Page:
A latch engaging means 110 is utilized for engagement by the latch assemblies 24 and 26 to thereby lock the marine drive unit from swing up when the latches 24 and 26 are in the position of FIGS. 1 and 2. This latch engaging means included a tail member 112 of roughly fan shape having a pair of spaced arms 113, 113 (one shown broken away) rigid with and depending from the fixed housing portion 12 of the marine drive unit 10. The tail member 112 includes a series of pairs of aligned apertures 114, 114 formed therein in the spaced arms 113, 113 which are disposed on a radius of pivotal movement of the outboard power leg 14. A pin means 116, serving as the actual latch engaging element, is provided so that it may be conveniently placed in any of the pairs of aligned apertures 114, 114 with the clearance between the apertures 114, 114 and the pin means 116 being sufficiently small so that the pin means is frictionally held within the desired apertures in a tight engaging relationship.

The particular position of the pin means 116 establishes the position of the outboard power leg 14 relative to the fixed housing 12 and thereby the trim of the marine drive unit 10 by abutment of the pin means 116 with a detent 117. The detent 117 is formed in a detent portion 119 fixed with the rotatable outboard power leg 14 so that clockwise swinging of the outboard power leg 14 downwardly will be positively arrested by abutment of the detent 117 with the pin means 116. In this abutting position the latching means 22 is located relative to the pin means 116 as shown in either FIG. 1 or FIG. 2 when the boat is at rest in the water.

As illustrated in FIG. 1, the lower latch assembly 26, urged by spring 98, will prevent kick up of the marine drive unit 10 by engagement therewith with the pin means 116 upon slight counterclockwise swinging of the outboard power leg 14 caused by movement of the boat in a reverse direction. To overcome the clockwise biasing of spring 98 and move the lower latch assembly 26 to the position of this latch assembly shown in FIG. 2 so that it will not interfere with outboard power leg kick up when the marine drive unit 10 is in neutral or forward drive, an urging means 118 is provided connected to and actuated by a marine drive shift mechanism (only partly shown). The urging means 118 includes a T-bracket 120 having a pair of ears 122, 122 forming the cross bar of the T, these ears engaging with a pair of upper sides 124, 124 formed on the levers 82, 82 to urge these levers and thereby the lower latch assembly 26 counterclockwise, the said ears 122, 122 moving the lower latch assembly 26 counterclockwise only in forward and neutral positions of the marine drive unit 10.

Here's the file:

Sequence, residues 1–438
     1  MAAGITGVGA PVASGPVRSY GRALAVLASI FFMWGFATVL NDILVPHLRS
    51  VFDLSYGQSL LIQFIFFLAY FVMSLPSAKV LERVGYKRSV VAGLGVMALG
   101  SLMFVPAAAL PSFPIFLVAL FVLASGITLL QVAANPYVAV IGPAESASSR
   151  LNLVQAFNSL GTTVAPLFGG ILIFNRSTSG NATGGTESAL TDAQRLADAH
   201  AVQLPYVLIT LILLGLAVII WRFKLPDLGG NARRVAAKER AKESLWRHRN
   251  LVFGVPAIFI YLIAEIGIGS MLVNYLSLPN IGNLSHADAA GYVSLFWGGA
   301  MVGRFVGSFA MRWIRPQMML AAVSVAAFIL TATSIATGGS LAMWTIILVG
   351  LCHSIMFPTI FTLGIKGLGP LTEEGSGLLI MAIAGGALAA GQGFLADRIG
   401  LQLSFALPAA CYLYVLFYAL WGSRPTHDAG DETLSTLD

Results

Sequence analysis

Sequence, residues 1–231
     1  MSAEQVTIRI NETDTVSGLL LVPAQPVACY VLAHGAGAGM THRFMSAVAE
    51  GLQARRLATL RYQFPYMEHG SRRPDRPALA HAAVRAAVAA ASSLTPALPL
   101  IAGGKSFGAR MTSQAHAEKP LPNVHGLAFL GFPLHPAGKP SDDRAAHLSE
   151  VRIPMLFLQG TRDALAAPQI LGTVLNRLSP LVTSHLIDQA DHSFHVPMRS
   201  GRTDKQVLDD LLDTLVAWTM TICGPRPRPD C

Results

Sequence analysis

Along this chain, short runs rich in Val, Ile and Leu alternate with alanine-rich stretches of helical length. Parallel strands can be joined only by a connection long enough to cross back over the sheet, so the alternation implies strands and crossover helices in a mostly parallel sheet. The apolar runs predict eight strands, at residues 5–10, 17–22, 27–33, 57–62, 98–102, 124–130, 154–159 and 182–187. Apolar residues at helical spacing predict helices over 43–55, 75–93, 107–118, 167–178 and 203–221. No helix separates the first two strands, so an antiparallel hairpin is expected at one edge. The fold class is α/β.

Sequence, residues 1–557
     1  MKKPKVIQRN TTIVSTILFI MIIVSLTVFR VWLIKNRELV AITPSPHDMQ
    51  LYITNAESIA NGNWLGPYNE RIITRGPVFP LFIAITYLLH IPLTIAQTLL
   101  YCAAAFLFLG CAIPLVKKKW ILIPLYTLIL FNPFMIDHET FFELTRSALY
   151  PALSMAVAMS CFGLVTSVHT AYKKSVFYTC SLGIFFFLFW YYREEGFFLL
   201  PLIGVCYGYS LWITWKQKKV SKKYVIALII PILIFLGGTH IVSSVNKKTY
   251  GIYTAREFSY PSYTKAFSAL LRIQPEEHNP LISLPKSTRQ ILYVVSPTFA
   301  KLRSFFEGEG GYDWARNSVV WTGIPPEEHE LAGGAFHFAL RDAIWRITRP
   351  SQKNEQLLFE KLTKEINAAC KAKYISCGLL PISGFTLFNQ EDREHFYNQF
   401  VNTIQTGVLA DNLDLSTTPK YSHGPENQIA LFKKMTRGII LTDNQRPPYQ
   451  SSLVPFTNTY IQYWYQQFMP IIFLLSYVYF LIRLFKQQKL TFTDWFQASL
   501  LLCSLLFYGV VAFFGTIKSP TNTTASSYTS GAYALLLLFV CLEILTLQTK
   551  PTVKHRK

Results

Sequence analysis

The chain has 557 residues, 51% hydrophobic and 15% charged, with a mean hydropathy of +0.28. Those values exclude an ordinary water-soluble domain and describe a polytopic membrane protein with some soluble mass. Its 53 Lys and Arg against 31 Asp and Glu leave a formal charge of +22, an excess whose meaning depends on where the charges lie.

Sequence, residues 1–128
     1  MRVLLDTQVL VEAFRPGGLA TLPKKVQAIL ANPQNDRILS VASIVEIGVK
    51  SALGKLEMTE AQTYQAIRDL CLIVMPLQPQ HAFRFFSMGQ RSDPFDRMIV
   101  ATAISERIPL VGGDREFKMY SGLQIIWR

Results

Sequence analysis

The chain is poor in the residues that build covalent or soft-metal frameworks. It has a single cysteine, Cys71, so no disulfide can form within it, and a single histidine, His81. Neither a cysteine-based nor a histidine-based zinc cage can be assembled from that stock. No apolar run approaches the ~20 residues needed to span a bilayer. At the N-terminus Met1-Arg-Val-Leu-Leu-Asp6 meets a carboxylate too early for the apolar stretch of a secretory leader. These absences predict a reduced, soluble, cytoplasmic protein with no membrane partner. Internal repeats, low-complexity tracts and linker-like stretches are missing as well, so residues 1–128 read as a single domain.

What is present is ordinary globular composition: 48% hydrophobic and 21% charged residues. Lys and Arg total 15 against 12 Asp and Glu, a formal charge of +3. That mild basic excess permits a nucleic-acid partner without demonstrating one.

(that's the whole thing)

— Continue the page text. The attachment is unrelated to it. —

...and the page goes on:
Adjacent the bottom end of the T-bracket 120 it is rigidly connected to a bracket element 126 of right angle shape having a pair of angled legs and 132 by means of a pair of screws 128, 128 that extend through the T-bracket 120 and the shorter angled leg 130 of the bracket element 126 depending downwardly for this purpose. The longer angled leg 132 of the bracket element 126 extends outwardly away from the boat transom 15 'wthin the upper housing portion 28 for connection to the shift mechanism. Immediately beneath the angled leg 132 and disposed against the shank ends of screws 128, 128 is a connecting link 134 which serves as a reinforcing means for the longer angled leg 132 and as an attaching means for the marine drive shift mechanism. A shift linkage 136 of the marine drive shift mechanism is attached to the connecting link 134 by being threaded therethrough and is connected to the longer angled leg 132 of the bracket element 126 by extending through an aperture 138 formed in the longer angled leg. A nut 140 threaded on the shift linkage 136 pulls the connecting link 134 and angled leg 132 into tight abutting relationship along their lengths.

An actuating means 141 (hydraulic or pneumatic, for example) is also provided which easily moves the shift linkage 136 to place the marine drive unit 10 into the desired drive control of this means being accomplished by any conventional means disposed within the boat (not shown). The actuating means 141 is attached to the angled leg 132 and connecting link 134 by a pair of nuts 142, 142 threaded onto the actuating means 141 above and below the angled leg 132 and connecting link 134 so as to tightly hold these two elements together. Thus, movement of the actuating means 141 in a reciprocating manner moves the shift linkage 136 and T-bracket 120 in a similiar reciprocating manner.

The operation of the latching means 22 will now be reviewed. As is clear from FIGS. 1 and 2, the upper latch assembly 24 is in latching position for engagement with the pin means 116 for reverse and neutral drive positions of the marine drive unit -10 while the lower latch assembly 26 is in latching position for engagement with the pin means 116 f0 reverse and in non-latching position for neutral. The upper latch assembly 24 is also in latching position for engagement with the pin means 116 in forward drive and the lower latch assembly 26 in nonlatching position for forward drive.

If the boat is moving forward under generally steady throttle conditions or moving forward under increasing throttle conditions in forward drive the reactance torque from the propeller 21 maintains the detent means 117 in abutment with the pin means 116 with the upper latch assembly 24 and lower latch assembly 26 in the position of FIG. 2. Upon throttling down or shifting the marine drive unit 10 into neutral, there is a tendency for the outboard power leg 14 to rotate upwardly counterclockwise due to its drag in the water. This pivoting tendency is prevented by upper latch assembly 24 engaging pin means 116 after slight counterclockwise swinging of out board power leg 14, the spring loading of inner kick up lever 40 being of sufiicient magnitude to prevent upset of the inner kick up lever and the unlatching of upper latch assembly 24. Thus, under normal operating conditions, in either forward or neutral drive the upper latch assembly 24 positively maintains the outboard power leg 14 in depending driving relation.